Daryl’s acceptance into the Reapers is solidified when he takes over the torturing duties of Frost. After some tame attempts to extract the information Pope wants, Daryl resorts to chopping off one of Frost’s fingers, which leads him to give some vague locations of the whereabouts of the safehouse. This is the second episode in a row we’ve had to see someone lose a finger for information – it must be the new currency – but with the repetition of the Daryl-must-join-a-new-group format, it stands to reason torture methods are the same too. With the tone of the rest of this episode, someone having their finger chopped off isn’t the most squeamish thing you’ll see.
When the Reaper team make it to the town, Daryl does his best to send clues to Maggie and pals and his warnings appear to work as when the house is stormed, Maggie has vanished. That is until Daryl spots her hiding under the floorboards. With some quick-thinking Daryl does his best to get the Reapers out of the house, even tugging at Leah’s heartstrings to get her on his side, but it is ultimately no good. Just as they are about to leave, Carver notices the trapdoor and opens it, but the safe room is empty, Maggie and the others have escaped out of the house and Daryl has given them some vital information.
How useful that information is remains to be seen. His warnings told Maggie that the Reapers were only around 20 strong and could see people coming to their hideout a mile off. But our survivor team are rather low in numbers themselves these days, and, with the famine back at Alexandria, none are in fighting spirits. A tactical unit like the Reapers should have no problem picking off weary Alexandrians.
When Daryl, Carver and Leah return back to camp, Pope is there waiting for them. He tells them that he performed a little interrogation of his own once they left and he learned everything he wanted to. He glares at Daryl before heading inside, laughing with Carver. Outside, Frost is tied to a post, as he chomps desperately for brains. Just what could Frost have revealed? Does Pope know the truth about Daryl and Maggie or even the location of Alexandria? Daryl may need to watch his back very carefully.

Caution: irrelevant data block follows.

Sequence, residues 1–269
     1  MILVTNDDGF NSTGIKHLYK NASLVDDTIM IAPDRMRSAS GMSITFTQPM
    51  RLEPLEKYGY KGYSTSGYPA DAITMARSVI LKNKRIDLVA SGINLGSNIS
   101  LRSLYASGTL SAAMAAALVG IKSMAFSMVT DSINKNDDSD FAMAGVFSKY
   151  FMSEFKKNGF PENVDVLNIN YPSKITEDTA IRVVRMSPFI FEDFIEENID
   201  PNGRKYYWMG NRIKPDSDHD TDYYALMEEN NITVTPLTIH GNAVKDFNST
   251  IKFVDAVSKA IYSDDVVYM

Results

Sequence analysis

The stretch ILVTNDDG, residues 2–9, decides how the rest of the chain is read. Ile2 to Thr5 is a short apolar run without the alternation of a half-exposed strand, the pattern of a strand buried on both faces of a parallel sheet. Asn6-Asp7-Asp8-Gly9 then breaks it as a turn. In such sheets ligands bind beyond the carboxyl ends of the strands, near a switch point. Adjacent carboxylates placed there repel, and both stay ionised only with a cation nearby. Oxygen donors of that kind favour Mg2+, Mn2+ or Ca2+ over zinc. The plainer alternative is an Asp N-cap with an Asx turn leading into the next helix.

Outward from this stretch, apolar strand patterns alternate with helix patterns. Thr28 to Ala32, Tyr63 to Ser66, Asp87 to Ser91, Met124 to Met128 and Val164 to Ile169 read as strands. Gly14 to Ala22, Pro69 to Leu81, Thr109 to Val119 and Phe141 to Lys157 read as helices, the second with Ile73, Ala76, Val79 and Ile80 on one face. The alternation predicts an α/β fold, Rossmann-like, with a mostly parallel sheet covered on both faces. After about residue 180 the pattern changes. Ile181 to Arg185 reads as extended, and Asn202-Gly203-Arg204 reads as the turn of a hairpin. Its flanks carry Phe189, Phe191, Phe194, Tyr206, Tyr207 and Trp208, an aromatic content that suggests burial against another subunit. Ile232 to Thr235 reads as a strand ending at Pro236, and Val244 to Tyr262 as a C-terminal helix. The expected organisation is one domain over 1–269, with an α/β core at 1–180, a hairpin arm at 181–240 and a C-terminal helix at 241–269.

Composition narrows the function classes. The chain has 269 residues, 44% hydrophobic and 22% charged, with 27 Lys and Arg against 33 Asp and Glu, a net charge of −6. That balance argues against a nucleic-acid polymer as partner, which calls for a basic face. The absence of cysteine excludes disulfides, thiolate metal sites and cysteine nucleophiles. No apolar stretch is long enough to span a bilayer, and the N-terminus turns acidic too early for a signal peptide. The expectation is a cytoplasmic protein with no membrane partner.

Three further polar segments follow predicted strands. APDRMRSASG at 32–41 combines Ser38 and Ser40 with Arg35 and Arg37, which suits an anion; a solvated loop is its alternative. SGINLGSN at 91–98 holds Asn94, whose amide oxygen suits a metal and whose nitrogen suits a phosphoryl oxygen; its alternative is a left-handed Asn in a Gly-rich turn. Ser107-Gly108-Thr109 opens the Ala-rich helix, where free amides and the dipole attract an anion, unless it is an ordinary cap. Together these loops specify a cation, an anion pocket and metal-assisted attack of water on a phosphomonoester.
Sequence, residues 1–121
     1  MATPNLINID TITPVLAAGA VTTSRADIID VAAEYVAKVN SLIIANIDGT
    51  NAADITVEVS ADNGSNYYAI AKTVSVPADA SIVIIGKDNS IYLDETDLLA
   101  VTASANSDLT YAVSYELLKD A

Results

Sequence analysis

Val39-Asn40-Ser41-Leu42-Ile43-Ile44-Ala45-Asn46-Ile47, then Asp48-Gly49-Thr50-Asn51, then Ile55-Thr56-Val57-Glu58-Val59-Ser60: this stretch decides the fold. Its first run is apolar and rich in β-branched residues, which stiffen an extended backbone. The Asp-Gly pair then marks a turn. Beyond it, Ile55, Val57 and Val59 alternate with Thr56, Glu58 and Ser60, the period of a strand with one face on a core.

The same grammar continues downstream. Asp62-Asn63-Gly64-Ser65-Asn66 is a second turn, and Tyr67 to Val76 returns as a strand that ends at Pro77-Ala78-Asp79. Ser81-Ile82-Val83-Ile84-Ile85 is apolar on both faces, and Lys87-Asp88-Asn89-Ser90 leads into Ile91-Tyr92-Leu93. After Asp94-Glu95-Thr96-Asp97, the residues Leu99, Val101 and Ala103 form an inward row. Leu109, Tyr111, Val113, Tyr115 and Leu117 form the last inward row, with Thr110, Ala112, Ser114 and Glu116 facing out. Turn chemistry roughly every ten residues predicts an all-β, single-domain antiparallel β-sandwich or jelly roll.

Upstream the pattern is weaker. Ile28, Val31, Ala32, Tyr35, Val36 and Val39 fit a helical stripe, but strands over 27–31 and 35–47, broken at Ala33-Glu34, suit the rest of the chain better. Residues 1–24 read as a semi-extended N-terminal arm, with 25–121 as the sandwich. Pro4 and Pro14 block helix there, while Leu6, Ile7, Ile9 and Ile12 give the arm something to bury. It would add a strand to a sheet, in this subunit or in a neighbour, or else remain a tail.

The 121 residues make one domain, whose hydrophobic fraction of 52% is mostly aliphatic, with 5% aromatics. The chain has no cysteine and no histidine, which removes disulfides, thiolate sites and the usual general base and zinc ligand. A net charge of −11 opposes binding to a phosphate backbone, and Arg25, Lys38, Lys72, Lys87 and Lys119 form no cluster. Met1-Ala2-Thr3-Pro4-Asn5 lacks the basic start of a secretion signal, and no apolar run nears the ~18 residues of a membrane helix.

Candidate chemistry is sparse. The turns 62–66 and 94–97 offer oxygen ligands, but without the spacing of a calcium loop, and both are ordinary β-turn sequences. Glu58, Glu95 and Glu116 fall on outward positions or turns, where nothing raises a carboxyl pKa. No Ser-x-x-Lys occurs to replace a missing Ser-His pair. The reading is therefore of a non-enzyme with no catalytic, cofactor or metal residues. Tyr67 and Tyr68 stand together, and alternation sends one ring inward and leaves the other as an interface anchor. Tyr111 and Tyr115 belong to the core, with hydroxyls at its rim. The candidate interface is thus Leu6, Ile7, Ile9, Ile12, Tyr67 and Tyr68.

After learning from the Whisperer that Connie is alive, the ladies of Alexandria set out to find her, but Kelly (Angel Theory) decides to go run off on her own. She manages to track down a campfire and finds Connie’s notebook, which gives us a quick insight why Connie has teamed up with Virgil – they have a common friend in Michonne.
This haunted house is one of the scariest things this show has done. It is full blown horror movie and it thrives. We’ve been surrounded by zombies and villains for so long. Being confronted by humans that have de-evolved into these creepy feral beasts almost sounds far-fetched, but it actually fits in perfectly. We’re years into a zombie apocalypse; civilisation has collapsed leaving many without food or water. We’ve seen many people return to their savage, brutal roots where those with the biggest stick (or baseball bat) survived, but this group have remained cut off from everything and over those years become something far worse.
The way they crawl and creep out of the shadows, the bones that lay scattered throughout the basement, hiding behind the walls all create such an unsettling vibe. This is only amplified through the use of silence and having to watch helplessly as the monsters appear from the walls. Trapped herself, Connie tries to warn Virgil that a monster is behind him but he thinks it is one of them making the noise so plunges his knife into the wall, inches from Connie’s face. The way Lauren Ridloff reacts and is able to emote without saying anything is perfection.
After the pair reunite and try to escape, a swathe of these monsters appear and chase them down. It is Connie’s quick thinking that enables her and Virgil to escape in likely the same manner that Connie survived the horde in the cave in the first place. Once outside, Connie is finally reunited with Kelly and it’s tears all round. Connie is home.